The title of the thread specifies 90-gallon, though there seems to be indication of ideas toward a future upgrade from how I read the first post.
 
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Would this be better and yes It is going to be for a 90 gallon tank I will upgrade to something around 500 gallons but not soon enough to put into thought.
 

Soren

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Would this be better and yes It is going to be for a 90 gallon tank I will upgrade to something around 500 gallons but not soon enough to put into thought.
For a 90-gallon tank, I like this list better but I'd still probably only include number 8. for the anthias per Jay's recommendation above (maybe a few of the same type) or skip the anthias altogether due to frequent feedings.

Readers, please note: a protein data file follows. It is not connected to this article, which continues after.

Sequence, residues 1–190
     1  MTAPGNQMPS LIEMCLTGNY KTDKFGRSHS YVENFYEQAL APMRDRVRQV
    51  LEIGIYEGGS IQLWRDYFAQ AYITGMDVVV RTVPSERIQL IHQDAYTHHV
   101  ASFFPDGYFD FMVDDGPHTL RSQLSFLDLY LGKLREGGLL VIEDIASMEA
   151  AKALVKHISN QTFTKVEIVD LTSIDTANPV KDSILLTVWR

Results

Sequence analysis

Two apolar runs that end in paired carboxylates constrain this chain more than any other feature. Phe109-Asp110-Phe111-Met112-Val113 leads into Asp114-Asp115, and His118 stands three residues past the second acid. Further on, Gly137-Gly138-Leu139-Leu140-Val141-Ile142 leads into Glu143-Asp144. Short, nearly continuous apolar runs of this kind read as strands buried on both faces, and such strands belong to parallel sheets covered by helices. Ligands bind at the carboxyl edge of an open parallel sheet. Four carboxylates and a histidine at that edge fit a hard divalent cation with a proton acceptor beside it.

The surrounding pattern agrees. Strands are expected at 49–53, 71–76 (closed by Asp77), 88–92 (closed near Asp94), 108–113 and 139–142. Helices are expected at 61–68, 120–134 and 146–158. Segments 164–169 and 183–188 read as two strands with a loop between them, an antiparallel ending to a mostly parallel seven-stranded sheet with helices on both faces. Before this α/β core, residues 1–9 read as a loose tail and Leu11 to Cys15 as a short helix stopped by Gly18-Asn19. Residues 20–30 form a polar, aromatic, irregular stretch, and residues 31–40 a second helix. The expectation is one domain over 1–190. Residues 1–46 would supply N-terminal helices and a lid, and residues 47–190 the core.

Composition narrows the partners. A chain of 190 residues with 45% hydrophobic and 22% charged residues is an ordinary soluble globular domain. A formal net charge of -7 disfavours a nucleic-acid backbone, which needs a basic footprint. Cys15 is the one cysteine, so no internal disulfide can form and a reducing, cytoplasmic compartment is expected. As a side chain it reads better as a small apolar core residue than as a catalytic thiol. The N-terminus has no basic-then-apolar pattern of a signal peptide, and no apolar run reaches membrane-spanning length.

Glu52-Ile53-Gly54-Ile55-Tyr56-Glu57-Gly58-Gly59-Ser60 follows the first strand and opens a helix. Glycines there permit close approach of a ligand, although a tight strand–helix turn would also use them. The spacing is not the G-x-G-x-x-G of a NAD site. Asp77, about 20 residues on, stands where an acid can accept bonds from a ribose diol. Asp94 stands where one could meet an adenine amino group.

Also, for the tangs, I'd say keep the yellow tang but skip the other two for this tank size and maybe add a Ctenochaetus bristletooth tang instead.

We'll see what others recommend as well.
 
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Soren

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do the powder blue tangs get too big? for a 90 gallon
From what I've read, the minimum recommended tank size is 125 gallons while many people recommend more space for tangs than minimum due to their active swimming and potential for aggression. In addition, they can be more difficult to care for than some tangs due to susceptibility to ich/velvet.

This is only based on my research and not personal experience.